Review: A Midsummer Night’s Dream

MATT KILROY is enthralled by the ETG’s sinister production.

ADC Matt Kilroy Max Barton Midsummer Night's Dream Shakespeare Theatre

A Midsummer Night’s Dream (ETG)

12th – 16th January at the ADC Theatre

Directed by Max Barton




William Shakespeare – you’ve got to love the man, haven’t you?  He is the cat’s pyjamas, the top banana, the undisputed don of the theatrical world. If you don’t like him, you’re wrong. Simple as that. Capisce?


But what is it that makes his plays so absolutely irresistible, especially to directors? Set them in space, perform them underwater, cast dinosaurs in the leading roles, forget about the set entirely, even forget about the lines – as long as you’ve got the actors and the vision, it will work. And boy, oh boy, Max Barton’s spectacular production of A Midsummer Night’s Dream has both of these things, in abundance.


Photos: Tim Johns –

His vision is of a dark, otherworldly dystopia. In fascist Athens, the calmly despotic Theseus holds sway, surrounded by his rifle-toting black-and-redshirts with his feisty new queen in shackles. In the ‘junkyard forest’ outside the city, packs of acrobatic fairies are on the prowl – inhaling clouds of druggy smoke piped through a Willy Wonka-style tube, these malevolent, uninhibited creatures frolic and spasm like epileptic X-factor auditionees, ruled by their own feral, sexually charged monarchs, while a malicious, batshit mental Puck struts and cackles. Meanwhile, in between these two worlds stumble the rude mechanicals, moronic convicts trying to put on a play good enough to save their skins. So far so pretentious, I hear you say.


But, the production’s brilliance lies in two key factors. Firstly, it crams this warped world with inventive, often twisted, sometimes even improvised gags that come thicker and faster than an idiot on a motorbike, ingeniously finding the humour in every possible moment. Slapstick jostles with the blackest of comedy, knob jokes and exuberant caricatures sit side by side with dead animals and pseudo-suicides. And it’s glorious.


What really brought these jokes alive was the superb cast. Utterly committed, they switched effortlessly between their roles, pumping each scene full of enthusiasm and energy, and still seemed to be enjoying the show after its lengthy European tour. The slapstick shenanigans of the lovers were a particular highlight, managing to tug at the heartstrings while simultaneously tickling the funny bones. Ellie Kendrick’s Hermia and Ryan O’Sullivan’s Lysander were wonderfully touching and convincing in their portrayal of young love, while Nick Ricketts, playing Demetrius, has a face so comedically talented that it ought to have its own agent. The icing on an already scrumptious cake was Tamara Astor’s Helena, a masterly display of awkwardness, playfulness and steely determination that couldn’t have been any better.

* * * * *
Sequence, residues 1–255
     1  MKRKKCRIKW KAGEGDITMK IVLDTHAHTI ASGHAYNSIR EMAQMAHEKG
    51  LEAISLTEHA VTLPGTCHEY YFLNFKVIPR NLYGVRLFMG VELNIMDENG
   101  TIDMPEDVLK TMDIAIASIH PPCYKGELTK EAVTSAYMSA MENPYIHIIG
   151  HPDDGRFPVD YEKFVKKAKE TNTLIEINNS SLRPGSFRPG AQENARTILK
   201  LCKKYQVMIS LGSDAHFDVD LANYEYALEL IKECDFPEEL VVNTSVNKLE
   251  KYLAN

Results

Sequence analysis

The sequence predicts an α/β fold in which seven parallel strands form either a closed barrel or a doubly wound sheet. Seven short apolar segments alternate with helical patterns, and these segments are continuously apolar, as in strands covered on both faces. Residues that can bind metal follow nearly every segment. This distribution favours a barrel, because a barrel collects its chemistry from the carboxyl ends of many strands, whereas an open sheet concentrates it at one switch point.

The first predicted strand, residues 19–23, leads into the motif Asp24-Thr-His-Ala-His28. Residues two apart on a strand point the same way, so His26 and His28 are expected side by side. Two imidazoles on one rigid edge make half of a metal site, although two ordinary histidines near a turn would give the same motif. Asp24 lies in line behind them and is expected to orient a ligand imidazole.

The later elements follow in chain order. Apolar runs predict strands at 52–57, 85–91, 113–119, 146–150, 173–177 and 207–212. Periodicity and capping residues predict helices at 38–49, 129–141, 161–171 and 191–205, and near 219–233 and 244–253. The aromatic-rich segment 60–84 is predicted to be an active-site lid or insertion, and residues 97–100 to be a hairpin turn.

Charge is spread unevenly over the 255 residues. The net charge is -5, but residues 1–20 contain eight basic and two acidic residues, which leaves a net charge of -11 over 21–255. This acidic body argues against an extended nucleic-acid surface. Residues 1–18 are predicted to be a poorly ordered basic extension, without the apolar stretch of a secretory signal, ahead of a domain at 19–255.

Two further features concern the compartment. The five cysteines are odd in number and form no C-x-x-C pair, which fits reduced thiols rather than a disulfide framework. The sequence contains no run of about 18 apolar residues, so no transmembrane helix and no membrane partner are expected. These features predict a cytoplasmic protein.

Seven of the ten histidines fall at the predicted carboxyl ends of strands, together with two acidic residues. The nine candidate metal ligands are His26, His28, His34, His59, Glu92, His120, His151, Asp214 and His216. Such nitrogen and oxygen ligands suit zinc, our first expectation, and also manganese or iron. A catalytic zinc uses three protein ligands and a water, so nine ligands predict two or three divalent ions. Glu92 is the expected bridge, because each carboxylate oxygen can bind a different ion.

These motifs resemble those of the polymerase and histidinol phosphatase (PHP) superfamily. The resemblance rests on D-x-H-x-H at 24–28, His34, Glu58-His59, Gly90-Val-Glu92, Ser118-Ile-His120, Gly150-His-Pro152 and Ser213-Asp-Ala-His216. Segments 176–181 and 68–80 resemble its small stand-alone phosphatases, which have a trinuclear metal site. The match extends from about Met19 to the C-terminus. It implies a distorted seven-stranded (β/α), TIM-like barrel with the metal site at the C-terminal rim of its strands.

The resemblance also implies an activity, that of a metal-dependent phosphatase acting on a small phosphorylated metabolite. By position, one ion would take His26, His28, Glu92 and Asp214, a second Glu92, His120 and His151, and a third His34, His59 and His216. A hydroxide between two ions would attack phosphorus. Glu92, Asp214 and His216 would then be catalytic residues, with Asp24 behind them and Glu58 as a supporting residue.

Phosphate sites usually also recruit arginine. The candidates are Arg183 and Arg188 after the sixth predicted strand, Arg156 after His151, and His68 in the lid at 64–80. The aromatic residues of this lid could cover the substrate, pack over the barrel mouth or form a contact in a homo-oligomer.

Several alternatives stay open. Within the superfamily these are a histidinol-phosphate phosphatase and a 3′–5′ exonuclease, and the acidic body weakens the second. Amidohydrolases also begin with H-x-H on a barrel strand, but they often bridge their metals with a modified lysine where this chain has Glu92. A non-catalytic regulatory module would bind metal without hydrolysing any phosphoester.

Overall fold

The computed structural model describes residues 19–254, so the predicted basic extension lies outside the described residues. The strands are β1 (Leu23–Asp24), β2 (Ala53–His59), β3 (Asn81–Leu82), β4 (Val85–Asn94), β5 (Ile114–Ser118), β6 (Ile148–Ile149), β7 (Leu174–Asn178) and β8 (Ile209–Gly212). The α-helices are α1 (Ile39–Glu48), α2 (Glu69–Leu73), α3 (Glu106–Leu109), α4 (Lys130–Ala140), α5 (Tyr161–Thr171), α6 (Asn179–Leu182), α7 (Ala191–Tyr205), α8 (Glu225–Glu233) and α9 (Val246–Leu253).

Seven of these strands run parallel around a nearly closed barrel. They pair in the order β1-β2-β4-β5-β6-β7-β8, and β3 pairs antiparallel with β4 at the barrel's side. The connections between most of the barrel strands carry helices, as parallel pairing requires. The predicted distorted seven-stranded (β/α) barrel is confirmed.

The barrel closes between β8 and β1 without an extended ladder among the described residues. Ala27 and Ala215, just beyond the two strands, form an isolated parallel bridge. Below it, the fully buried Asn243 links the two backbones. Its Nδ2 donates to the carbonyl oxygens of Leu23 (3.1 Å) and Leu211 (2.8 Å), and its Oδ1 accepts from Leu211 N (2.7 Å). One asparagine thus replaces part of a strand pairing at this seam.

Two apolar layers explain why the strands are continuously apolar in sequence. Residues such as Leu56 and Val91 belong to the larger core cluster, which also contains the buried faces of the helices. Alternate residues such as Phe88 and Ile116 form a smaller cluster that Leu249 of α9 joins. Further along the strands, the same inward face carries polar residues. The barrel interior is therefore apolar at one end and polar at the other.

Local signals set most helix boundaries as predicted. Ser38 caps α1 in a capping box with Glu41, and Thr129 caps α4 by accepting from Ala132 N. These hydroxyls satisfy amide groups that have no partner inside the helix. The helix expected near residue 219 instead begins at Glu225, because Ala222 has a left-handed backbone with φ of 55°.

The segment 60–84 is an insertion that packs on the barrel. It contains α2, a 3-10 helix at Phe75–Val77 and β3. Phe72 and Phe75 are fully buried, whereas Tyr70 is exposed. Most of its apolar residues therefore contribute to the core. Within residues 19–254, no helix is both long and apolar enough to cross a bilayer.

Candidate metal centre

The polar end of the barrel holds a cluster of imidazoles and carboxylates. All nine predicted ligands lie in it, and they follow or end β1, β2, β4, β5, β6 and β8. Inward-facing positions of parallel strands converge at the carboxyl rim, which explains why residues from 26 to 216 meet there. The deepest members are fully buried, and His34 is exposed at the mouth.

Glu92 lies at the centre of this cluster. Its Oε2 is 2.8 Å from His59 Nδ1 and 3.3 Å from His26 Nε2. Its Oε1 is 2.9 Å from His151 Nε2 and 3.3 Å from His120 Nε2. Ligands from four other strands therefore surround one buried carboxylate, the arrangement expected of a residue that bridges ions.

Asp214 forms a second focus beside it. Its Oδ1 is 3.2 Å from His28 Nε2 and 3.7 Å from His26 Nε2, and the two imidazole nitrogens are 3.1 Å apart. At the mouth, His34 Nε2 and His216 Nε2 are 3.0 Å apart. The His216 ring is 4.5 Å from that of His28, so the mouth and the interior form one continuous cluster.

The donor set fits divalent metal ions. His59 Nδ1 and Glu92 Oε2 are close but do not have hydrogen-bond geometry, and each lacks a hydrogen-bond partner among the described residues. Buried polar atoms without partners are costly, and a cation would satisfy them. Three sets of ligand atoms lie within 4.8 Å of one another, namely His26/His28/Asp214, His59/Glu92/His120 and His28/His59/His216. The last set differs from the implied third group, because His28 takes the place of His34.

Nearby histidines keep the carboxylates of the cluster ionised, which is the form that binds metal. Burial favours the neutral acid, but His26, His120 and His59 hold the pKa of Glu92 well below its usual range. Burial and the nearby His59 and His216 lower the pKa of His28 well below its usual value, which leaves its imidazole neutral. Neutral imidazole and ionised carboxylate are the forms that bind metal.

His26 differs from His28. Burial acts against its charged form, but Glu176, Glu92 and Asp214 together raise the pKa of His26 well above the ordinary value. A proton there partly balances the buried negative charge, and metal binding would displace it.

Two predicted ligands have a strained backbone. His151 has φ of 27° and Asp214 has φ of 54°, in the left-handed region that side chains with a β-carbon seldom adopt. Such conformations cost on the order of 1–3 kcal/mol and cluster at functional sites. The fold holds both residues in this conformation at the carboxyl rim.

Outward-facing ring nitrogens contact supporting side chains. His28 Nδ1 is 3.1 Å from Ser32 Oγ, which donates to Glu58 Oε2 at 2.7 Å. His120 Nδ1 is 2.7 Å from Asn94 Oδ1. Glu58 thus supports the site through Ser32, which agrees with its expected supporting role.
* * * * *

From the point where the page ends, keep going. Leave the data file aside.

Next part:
Joey Batey’s charismatic Bottom was excellent (I’m not being a perv, it’s the name of his character) and his comic timing impeccable. He and his fellow mechanicals threatened to steal the show with their sheer good-natured stupidity, whether through Patrick Walshe McBride’s histrionic and hilarious Quince, or Lowri Amies’ mentally impaired Snug. Her gurning was a joy to behold.


Yet the audience was never allowed to forget the production’s bleaker undercurrent, particularly in the gloriously chaotic derangement of the drug-addled fairies.  This relentlessly animated show more than made up for what it may have occasionally lacked in, for example, subtlety, by plunging us into its own unique and mesmerising world, filled with extraordinary characters. Though not necessarily one for Shakespeare purists, it is the kind of driven and uncompromising production which we need more of at Cambridge, free from the complacency which can dog directors of Shakespeare. 


It has been a long time since I have been able to walk out of Shakespeare play and think to myself, ‘You know, I wasn’t bored once’. That, surely, is worthy of the utmost praise.